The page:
Apply a hot or cold pack for 15-20 minutes, with 45 minutes in between applications. Make sure you place a cloth between the hot or cold pack and your skin to avoid any skin damage.

3. Use Over-the-Counter Pain Medications

For acute hip pain, medications, including ibuprofen, acetaminophen, and naproxen, can help reduce pain and inflammation. However, you will want to ensure you don’t take these medications for longer than a week or two. Some of them can have undesirable side effects, including gastrointestinal issues, when taken for long durations.

4. Perform Gentle Stretches

If your pain allows it, try performing a few gentle hip stretches. This can help ease some muscular tension and promote blood circulation, helping your body heal.

Yet, if pain increases trying any hip stretch, it might be best to wait a few days or until the pain subsides. Pushing your body past the point of pain may result in a far worse injury.

Who Can Treat Hip Pain?

If your hip pain continues for longer than a few days or a week, it’s probably a good idea to call in some of the experts. Booking a physiotherapy appointment can help you determine the cause of your pain, as well as the best action plan to treat it. 

A physiotherapist will perform a thorough assessment, diagnosing your pain. From there, your treatment may include prescribed exercises, manual therapy, acupuncture, and more. From start to finish, your physiotherapist will guide you, ensuring you make a full recovery.

Additionally, massage therapy may help you relieve muscle tension and reduce pain. Massage helps increase blood flow to the area, bringing all the necessary immune cells to help your body utilize its natural healing mechanisms.

How to Treat Hip Injuries: Call Corydon Physiotherapy Today!

Ready to book a physiotherapy appointment? Corydon physiotherapy is here to help. Book your appointment today by calling us at (204) 925-0380, emailing us at corydonp@mymts.net, or by using our self-serve online booking system. Together, we can help you achieve a full recovery and get you back to your regular activities or sports.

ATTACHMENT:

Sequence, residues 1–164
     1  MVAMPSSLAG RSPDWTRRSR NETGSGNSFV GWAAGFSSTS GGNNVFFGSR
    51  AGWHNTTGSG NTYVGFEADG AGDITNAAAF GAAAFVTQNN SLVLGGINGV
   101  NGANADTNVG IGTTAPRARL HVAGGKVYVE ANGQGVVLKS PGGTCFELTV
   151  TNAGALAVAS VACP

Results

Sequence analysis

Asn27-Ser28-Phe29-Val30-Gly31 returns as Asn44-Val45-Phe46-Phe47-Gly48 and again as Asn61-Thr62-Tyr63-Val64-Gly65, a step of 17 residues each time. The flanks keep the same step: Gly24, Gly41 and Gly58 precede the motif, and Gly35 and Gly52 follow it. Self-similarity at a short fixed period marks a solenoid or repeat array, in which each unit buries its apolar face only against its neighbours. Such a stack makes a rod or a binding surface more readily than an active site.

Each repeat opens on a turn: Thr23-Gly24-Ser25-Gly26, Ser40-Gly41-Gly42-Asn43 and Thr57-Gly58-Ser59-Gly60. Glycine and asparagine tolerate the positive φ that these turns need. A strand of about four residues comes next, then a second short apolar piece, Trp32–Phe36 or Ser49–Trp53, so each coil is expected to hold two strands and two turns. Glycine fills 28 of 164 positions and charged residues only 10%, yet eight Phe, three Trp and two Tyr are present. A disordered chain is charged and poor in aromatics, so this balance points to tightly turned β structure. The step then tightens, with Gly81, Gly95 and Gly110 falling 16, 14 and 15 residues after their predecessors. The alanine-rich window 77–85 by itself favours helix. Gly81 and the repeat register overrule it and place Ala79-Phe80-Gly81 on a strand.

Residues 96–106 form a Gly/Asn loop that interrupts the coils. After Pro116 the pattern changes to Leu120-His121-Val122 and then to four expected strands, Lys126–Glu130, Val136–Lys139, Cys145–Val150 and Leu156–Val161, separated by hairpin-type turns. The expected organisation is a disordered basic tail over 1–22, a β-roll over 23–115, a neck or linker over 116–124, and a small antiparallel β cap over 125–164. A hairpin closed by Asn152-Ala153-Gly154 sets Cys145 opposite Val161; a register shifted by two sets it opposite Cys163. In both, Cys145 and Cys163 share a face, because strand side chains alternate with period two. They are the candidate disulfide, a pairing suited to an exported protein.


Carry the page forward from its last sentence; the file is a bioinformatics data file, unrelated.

Cynthia Andrushko, RMT, Massage Therapist
Cynthia Andrushko, RMT, Massage Therapist

Cynthia Andrushko is from Morden, Manitoba and she recently graduated from Robertson College Massage Therapy program . She's excited to be part of our team. She also has her cupping massage certification through the College of Acupuncture and Therapeutics.

Cynthia has take on leadership roles in representing her class at Robertson College and has volunteered for different outreach programs, such as Iron Ride 24 hour Bike Race, Resident Wellness Retreat at the University of Manitoba, Cerebral Palsy Bike Race(as a rider), First Steps Spinal Injury Clinic, and Ronald McDonald House.

Previously, Cynthia got her certification as a Personal Trainer and Sports Nutrition through International Sports Science Association in 2016. Where she trained people to meet their fitness goals. She put herself to the test on her physical capabilities and discipline by competing in the IDFA Natural Athlete Bodybuilding competition in 2018, where she received 3rd place in her category. She continues to share her passion for helping people and making people feel empowered by strength and therapeutic massage.

Joining the Corydon Physiotherapy Clinic team she is looking forward to applying her skills, as well as growing in her knowledge through her practice and continuing education. Adjusting each massage to the client and prioritizing their comfort level is her passion.

She enjoys running, weightlifting, reading, painting, rollerblading. She also loves to go camping, and fishing, also is somewhat of a foodie.